With our Movable Type system, we allowed for blog-specific exceptions, such as design changes or special features, by request. This led to a system that was bloated, difficult to manage, and nearly impossible to upgrade. When deciding which features we would include with our Wordpress system, an important requirement was that each plugin or widget we made available would be used by multiple blogs.

    The typical way of setting a WP install involves creating a theme, editing some files, and uploading to a server via FTP. But with a team of developers and a hosting setup involving multiple web and database servers, that’s not an ideal workflow.

    Finally, we wanted to move quickly. From initial setup, theme design, and deployment, we were ready to begin testing in about a month.
  • As Cliff said, the AJC’s experience with blogging software in the past has been a learning experience. When we were faced with transitioning more than 50 blogs from our existing Movable Type system to Wordpress, we had some clear goals in mind.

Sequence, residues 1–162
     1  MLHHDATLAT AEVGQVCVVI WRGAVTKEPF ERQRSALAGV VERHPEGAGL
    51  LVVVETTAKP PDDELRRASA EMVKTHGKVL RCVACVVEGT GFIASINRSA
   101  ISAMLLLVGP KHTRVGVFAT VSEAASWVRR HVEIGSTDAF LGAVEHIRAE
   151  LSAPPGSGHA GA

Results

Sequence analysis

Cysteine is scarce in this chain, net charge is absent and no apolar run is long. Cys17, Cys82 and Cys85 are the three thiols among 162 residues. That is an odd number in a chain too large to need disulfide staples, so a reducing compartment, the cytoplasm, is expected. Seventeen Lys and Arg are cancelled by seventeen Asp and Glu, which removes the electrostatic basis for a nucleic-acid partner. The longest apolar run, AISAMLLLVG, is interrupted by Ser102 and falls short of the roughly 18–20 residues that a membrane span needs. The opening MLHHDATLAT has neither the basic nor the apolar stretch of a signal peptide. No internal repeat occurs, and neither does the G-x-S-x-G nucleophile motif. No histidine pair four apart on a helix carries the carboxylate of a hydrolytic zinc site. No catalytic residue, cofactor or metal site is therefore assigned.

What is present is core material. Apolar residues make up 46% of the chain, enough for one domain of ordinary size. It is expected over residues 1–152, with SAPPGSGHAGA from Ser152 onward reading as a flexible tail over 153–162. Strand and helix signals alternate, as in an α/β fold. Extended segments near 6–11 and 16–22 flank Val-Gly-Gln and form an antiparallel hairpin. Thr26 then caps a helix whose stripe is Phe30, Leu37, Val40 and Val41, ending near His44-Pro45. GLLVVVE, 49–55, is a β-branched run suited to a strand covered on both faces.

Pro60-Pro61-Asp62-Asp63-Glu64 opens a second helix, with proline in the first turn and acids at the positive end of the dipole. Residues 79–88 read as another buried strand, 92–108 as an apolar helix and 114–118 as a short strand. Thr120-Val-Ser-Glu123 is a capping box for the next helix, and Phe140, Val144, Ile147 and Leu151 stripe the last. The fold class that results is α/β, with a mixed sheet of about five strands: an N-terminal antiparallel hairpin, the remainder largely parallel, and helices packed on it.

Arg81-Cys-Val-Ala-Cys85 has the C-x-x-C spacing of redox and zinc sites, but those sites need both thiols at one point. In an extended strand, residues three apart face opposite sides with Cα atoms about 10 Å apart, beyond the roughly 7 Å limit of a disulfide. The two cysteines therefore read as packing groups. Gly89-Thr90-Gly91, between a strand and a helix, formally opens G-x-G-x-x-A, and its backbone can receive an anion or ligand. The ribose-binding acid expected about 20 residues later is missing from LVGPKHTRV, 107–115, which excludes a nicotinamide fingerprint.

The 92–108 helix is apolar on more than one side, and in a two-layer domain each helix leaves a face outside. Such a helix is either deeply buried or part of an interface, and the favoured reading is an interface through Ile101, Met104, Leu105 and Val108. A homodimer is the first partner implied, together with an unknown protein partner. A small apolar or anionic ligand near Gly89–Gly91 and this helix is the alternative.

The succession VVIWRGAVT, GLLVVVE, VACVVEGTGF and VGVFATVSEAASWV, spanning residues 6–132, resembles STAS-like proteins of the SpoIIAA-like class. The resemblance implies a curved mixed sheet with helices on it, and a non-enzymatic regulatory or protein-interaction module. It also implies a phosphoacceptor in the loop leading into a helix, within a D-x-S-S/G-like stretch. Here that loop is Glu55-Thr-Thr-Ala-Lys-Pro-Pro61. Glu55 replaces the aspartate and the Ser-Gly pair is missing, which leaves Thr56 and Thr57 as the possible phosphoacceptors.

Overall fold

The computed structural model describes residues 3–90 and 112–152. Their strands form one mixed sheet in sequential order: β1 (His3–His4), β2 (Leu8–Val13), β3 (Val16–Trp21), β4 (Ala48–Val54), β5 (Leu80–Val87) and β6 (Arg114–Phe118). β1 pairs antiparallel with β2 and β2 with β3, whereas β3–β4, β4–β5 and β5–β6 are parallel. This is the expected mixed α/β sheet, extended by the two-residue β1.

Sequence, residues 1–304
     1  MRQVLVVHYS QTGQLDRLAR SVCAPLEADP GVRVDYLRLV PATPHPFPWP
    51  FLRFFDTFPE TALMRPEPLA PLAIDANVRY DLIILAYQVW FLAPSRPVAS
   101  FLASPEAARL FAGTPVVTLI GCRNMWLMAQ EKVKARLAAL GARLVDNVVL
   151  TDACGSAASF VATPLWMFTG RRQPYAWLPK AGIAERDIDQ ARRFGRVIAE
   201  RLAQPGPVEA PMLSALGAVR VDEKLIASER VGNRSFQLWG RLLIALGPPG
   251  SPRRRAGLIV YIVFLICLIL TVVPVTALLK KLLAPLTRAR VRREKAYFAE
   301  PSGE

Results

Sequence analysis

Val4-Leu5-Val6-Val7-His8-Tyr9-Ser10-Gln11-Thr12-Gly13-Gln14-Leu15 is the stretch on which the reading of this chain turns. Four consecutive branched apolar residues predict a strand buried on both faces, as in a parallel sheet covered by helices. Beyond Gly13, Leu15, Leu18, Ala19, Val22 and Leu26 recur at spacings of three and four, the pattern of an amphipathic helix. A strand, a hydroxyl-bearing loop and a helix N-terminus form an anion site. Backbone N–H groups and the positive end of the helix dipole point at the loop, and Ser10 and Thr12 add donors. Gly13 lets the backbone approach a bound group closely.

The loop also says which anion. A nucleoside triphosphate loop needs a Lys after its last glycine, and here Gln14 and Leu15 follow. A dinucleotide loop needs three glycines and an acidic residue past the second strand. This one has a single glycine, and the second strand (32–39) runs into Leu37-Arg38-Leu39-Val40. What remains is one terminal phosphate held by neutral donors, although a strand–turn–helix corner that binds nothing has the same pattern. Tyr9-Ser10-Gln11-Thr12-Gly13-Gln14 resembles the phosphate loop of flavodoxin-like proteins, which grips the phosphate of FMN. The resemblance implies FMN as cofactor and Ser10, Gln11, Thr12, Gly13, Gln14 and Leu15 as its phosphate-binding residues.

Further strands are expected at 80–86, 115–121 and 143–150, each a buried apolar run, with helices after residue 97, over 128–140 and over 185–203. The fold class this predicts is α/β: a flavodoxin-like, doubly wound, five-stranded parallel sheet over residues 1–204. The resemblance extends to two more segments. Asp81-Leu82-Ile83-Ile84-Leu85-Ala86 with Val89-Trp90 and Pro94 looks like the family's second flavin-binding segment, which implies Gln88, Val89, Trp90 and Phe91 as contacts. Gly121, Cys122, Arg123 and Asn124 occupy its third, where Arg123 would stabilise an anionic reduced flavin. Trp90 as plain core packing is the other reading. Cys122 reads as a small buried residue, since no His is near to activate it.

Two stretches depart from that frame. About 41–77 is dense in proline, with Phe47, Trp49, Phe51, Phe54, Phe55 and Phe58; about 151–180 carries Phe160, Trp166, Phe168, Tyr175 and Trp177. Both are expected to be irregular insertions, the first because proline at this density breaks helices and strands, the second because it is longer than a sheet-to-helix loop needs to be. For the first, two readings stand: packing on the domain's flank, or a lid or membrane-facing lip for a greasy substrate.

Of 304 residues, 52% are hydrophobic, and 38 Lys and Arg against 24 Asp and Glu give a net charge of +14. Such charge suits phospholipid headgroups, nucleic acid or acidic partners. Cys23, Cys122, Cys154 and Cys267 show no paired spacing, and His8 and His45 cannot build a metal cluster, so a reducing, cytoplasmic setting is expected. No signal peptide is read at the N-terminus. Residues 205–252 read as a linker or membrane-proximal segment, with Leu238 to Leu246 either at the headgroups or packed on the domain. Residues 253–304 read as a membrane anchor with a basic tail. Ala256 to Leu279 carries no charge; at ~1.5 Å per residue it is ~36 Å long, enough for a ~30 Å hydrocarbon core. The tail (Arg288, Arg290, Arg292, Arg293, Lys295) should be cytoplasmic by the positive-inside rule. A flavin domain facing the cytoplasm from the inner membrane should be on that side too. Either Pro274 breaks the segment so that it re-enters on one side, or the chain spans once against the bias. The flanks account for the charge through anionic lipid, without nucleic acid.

The AJC operates multiple sites
    In addition to ajc.com, there’s accessAtlanta for entertainment and things to do in Atlanta, AJC Homefinder for real estate search and news, and even channels like our Holiday Guide, all of which have a unique design. We wanted to allow for these variations while still keeping a consistent layout and a single theme which is easy to maintain.

    With our Movable Type system, we allowed for blog-specific exceptions, such as design changes or special features, by request. This led to a system that was bloated, difficult to manage, and nearly impossible to upgrade. When deciding which features we would include with our Wordpress system, an important requirement was that each plugin or widget we made available would be used by multiple blogs.

    The typical way of setting a WP install involves creating a theme, editing some files, and uploading to a server via FTP. But with a team of developers and a hosting setup involving multiple web and database servers, that’s not an ideal workflow.

    Finally, we wanted to move quickly. From initial setup, theme design, and deployment, we were ready to begin testing in about a month.